Arkansas Personal Injury Law and Settlements

On this page, we will provide an overview of the relevant points of Arkansas law in personal injury cases. We will also look at the average settlement value of personal injury cases in Arkansas.

Arkansas 3-Year Statute of Limitations

In Arkansas, similar to other states, there is a legal deadline known as a “statutes of limitation” governing the initiation of personal injury lawsuits in court. The general rule under Arkansas’s statute of limitations is 3 years from the date the claim accrues, but there are many exceptions to this rule.

The General Rule: Three-Year Window from the Date of Injury

Unlike most southern states, Arkansas has a three-year timeframe to file a lawsuit in court (Ark. Code § 16-56-105) for most injury cases. Typically, this three-year countdown commences from the date of the injury. However, there are circumstances where the SOL time period does not begin from the date of the injury.

Exceptions to the 3-Year SOL

Besides the general three-year rule, Arkansas has specific deadlines for certain types of cases.

Intentional Torts: For cases involving intentional harm, like assault or slander, you have one year from when you were hurt to file a lawsuit. Ark. Code § 16-56-104. This applies to claims like assault and battery, slander and defamation.

Medical Malpractice: In medical malpractice cases, you usually have two years from when the malpractice happened to file a lawsuit. But if the victim was a child or if something was left in their body during surgery that wasn’t discovered right away, there might be different deadlines.

Wrongful Death: In cases where someone dies because of their injuries, you have three years from the date of death to file a wrongful death lawsuit. However, if the person responsible is convicted of serious crimes like murder, there’s no time limit to file the lawsuit.

The Discovery Rule

When determining when a deadline under Arkansas’ 3-year statute of limitation expires, the most important questions is when does the 3 year SOL period begin to run. Like most other states, Arkansas courts have adopted what is known as the “discovery rule” for establishing when the SOL clock starts ticking on a personal injury claim. The discovery rule holds that the SOL period begins to run when the plaintiff first discovered that they might have a legal claim, or when a reasonable person would have first discovered that they might have a claim.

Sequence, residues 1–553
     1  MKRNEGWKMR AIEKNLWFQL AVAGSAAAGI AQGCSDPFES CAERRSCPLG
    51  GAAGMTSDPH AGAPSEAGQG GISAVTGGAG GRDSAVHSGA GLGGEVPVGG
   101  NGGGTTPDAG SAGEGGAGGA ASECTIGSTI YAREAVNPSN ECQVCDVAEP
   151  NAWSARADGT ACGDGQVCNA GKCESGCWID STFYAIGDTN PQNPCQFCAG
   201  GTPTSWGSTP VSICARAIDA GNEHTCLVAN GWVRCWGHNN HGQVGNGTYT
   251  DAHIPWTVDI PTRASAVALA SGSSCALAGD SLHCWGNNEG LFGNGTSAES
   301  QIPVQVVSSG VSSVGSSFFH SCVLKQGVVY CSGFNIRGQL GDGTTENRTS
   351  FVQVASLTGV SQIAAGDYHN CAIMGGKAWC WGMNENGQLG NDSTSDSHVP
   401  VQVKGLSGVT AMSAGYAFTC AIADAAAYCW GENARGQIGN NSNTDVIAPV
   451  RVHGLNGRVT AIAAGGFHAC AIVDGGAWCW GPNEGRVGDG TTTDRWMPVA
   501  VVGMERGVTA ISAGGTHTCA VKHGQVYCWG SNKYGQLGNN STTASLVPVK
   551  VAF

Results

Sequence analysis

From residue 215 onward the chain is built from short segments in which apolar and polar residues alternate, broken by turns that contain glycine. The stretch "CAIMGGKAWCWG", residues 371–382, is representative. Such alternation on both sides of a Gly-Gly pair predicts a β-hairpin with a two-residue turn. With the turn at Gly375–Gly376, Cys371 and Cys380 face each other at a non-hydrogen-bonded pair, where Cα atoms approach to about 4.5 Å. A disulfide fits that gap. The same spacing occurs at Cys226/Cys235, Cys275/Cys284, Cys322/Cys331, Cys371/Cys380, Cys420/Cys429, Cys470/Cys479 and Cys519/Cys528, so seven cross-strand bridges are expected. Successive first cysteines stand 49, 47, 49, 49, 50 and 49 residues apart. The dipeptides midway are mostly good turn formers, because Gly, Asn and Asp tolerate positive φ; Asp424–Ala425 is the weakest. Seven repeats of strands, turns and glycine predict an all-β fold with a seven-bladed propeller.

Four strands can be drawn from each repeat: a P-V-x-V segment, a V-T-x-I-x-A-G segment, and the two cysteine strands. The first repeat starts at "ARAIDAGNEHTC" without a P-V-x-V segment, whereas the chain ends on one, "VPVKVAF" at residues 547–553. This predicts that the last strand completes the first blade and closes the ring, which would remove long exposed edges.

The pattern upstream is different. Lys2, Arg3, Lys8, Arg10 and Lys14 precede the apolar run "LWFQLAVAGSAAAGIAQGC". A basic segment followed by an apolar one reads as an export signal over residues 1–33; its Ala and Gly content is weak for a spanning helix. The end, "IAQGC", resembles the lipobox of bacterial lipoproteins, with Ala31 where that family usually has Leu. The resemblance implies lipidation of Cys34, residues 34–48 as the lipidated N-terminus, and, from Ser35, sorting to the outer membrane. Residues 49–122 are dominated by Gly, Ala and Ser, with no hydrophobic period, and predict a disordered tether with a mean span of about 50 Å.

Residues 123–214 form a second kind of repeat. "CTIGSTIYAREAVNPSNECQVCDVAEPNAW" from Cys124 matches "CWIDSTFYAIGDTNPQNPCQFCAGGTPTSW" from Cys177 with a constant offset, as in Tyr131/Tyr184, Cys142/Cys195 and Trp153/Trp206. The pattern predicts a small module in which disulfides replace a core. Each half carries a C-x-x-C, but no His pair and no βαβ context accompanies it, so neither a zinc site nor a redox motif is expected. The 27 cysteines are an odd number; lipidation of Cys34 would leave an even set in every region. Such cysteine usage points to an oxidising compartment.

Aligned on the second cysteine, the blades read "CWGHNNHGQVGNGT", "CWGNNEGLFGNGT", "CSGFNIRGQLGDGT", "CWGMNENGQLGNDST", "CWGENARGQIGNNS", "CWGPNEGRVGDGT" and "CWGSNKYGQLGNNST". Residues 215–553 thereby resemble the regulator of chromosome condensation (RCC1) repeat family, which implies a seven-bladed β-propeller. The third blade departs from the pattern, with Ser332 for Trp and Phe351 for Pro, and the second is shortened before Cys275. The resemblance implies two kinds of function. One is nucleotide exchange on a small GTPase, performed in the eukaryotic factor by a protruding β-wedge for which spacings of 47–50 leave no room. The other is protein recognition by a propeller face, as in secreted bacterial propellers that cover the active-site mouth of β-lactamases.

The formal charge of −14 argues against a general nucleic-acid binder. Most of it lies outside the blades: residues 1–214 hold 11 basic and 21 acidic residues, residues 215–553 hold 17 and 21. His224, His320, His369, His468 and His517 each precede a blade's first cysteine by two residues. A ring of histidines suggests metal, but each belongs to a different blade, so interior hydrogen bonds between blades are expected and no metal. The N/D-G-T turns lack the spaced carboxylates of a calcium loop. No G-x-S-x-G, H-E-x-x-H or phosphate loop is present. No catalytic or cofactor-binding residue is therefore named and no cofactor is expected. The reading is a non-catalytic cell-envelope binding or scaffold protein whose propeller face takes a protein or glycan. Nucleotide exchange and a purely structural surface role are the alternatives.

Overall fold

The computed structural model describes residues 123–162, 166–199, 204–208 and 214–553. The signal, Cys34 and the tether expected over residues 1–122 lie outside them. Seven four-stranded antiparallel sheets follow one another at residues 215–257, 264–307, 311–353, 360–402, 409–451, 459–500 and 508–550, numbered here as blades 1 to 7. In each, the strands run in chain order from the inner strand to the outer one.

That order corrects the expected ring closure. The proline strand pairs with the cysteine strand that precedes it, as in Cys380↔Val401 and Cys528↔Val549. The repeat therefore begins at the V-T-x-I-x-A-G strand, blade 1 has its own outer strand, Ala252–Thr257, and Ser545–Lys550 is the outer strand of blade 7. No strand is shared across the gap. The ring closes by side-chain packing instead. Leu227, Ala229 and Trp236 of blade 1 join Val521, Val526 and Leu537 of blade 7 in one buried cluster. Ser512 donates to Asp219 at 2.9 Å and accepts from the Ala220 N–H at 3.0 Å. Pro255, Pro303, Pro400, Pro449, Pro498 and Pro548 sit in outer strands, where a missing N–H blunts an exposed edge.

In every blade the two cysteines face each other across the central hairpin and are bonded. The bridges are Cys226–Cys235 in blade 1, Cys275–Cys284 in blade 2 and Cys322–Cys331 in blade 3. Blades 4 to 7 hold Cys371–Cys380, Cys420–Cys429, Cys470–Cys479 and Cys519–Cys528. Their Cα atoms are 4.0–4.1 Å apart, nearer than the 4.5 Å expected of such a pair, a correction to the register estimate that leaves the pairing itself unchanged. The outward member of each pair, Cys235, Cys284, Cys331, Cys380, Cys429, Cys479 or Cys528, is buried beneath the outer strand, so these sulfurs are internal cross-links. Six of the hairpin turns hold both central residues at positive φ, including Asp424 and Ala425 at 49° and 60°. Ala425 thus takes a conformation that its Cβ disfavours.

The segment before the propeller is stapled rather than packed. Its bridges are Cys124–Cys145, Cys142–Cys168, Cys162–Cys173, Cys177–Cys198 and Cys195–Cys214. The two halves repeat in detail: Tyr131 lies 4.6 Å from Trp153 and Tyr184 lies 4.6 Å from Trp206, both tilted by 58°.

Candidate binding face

Arkansas Damages Cap

There are no caps on damages in Arkansas, meaning the compensation awarded is not limited by statute, allowing for any amount deemed appropriate by the judge or jury​​.

Arkansas Follows Modified Comparative Negligence

Arkansas follows a version of comparative negligence known as modified comparative negligence. According to this rule, if you’re found to be less than 50% at fault in an accident, your portion of the fault reduces the damages you can receive. However, if you’re deemed to be 50% or more responsible, you won’t be able to collect any damages (Ark. Code § 16-64-122).

Here’s an example to illustrate this concept: Suppose you were involved in a car accident with someone named Jack. You filed a lawsuit against Jack, alleging that his negligent driving caused the accident. Jack, on the other hand, claims that you were also at fault and seeks damages from you.

After a trial, the jury determines that your total damages amount to $100,000 and that you were 30% responsible for the accident and Jack was 70% at fault. In this scenario, because you were found to be 30% at fault, you can collect 70% of your $100,000 in damages, which equals $70,000. Jack’s auto insurance company will issue you a check for that amount.

Arkansas Product Liability Law

Arkansas product liability law encompasses various aspects of liability concerning manufacturers, suppliers, and sellers regarding the safety of products from production to consumer use. In Arkansas, the concept of product liability is broad, holding responsible parties accountable for injuries caused by defective products. This includes manufacturers, distributors, and sellers.